More than two million residents around Zimbabwe’s capital have no access to running water, as drought and breakdowns push the city system to collapse.
Just 50% of 4.5 million people in Harare and four satellite towns currently have access to the municipal water supply, the city authority told Climate Home News.
“There is a rotational water supply within the five towns,” Harare city council corporate communications manager Michael Chideme said. “Some people are getting water five days a week especially in the western suburbs, but the northern suburbs are going for weeks without a drop in their taps.”
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Chideme said people were either depending on water merchants, open wells, streams or several council-drilled boreholes. “The situation is bad, period!”
Dr Jean-Marie Kileshye from WaterNet warned Harare’s water was highly polluted: “Water-borne diseases linked to these boreholes are on the rise, but people have had to take in their own hands water supply because the utility has failed to provide water.”
Hardlife Mudzingwa, of Harare’s Community Water Alliance, said 10 typhoid cases were reported during the first week of July in the southwestern suburb of Glen View.
Cities around the world are facing increased water stress. Last week, the Indian city of Chennai began using trains to ferry in emergency supplies after rains failed. In 2018, Cape Town in South Africa avoided a city-wide water network shutdown by just a few months.
Zimbabwe is getting warmer as the climate changes and heavy rains and droughts are becoming more intense. In Harare, rains are expected in October at earliest, according to James Ngoma of the Zimbabwe Meteorological Services Department.
In 2018, a drought warning was issued to Zimbabwe by the Southern Africa Development Community. But those messages were not getting through, said Brad Garanganga, a climate scientist from Zimbabwe. Under-resourced meteorological departments had not been able to help policy makers “make decisions to take action on this type of important information ahead of time rather than wait until a crisis hit”.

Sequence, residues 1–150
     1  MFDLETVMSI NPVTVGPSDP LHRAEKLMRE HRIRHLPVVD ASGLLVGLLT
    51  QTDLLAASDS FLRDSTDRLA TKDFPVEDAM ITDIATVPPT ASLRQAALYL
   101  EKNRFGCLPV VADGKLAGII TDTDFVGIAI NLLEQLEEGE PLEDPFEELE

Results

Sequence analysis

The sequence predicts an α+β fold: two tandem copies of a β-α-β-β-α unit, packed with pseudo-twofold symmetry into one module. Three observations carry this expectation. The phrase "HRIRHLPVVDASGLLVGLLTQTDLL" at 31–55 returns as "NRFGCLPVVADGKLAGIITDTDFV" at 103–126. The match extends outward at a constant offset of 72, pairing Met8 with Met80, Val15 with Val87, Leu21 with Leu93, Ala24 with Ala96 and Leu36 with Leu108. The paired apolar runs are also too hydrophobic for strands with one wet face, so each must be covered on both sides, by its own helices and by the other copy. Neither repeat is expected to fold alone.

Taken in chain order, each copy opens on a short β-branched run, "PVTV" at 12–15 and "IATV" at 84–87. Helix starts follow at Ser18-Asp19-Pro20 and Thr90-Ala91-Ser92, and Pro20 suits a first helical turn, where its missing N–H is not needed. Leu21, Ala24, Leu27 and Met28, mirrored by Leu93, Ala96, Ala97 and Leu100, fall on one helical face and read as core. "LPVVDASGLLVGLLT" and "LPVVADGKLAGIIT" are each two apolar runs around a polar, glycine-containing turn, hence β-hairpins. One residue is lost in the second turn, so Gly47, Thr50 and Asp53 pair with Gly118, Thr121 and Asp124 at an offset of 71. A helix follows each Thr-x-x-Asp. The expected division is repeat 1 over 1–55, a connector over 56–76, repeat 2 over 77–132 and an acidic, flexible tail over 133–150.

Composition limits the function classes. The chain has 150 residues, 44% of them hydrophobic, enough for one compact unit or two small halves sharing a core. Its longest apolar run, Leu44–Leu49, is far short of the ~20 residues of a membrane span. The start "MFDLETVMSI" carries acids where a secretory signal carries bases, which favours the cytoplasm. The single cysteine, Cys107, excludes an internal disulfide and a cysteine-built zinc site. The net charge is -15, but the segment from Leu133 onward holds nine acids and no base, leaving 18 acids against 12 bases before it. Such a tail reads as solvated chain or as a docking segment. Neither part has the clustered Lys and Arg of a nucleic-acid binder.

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Harare obtains raw water from four dams: Harava, Seke, Chivero and Manyame. Harava and Seke are completely dry. This has led Harare city council to decommission the Prince Edward water treatment plant, which is fed by those dams.
This has left only one water treatment works – Morton Jaffray – supplying water to Harare and the four other satellite towns.
The dams that feed Morton Jaffray – Chivero and Manyame – are larger and closer to capacity, said Harare mayor Herbert Gomba. But they are “heavily polluted”, requiring more than 10 chemicals to purify. Upstream towns dump domestic, sewage, agricultural and mining waste into the rivers that feed the capital’s dams. The city is spending $3 million a month on water treatment chemicals, Gomba said, forcing it to restrict the amount released.
Harare’s daily demand is around 1,200 million litres (Ml). Gomba told CHN the city was producing around 450Ml a day. Last month, Harare City Council recommended the water situation be declared a national emergency.
Community organiser Mudzingwa said he believed the city supplies to be less than 100Ml/day. Companies that packaged and sold bottled water to supermarkets and hotels were still receiving municipal supplies, while residents saw their taps turned off, he claimed.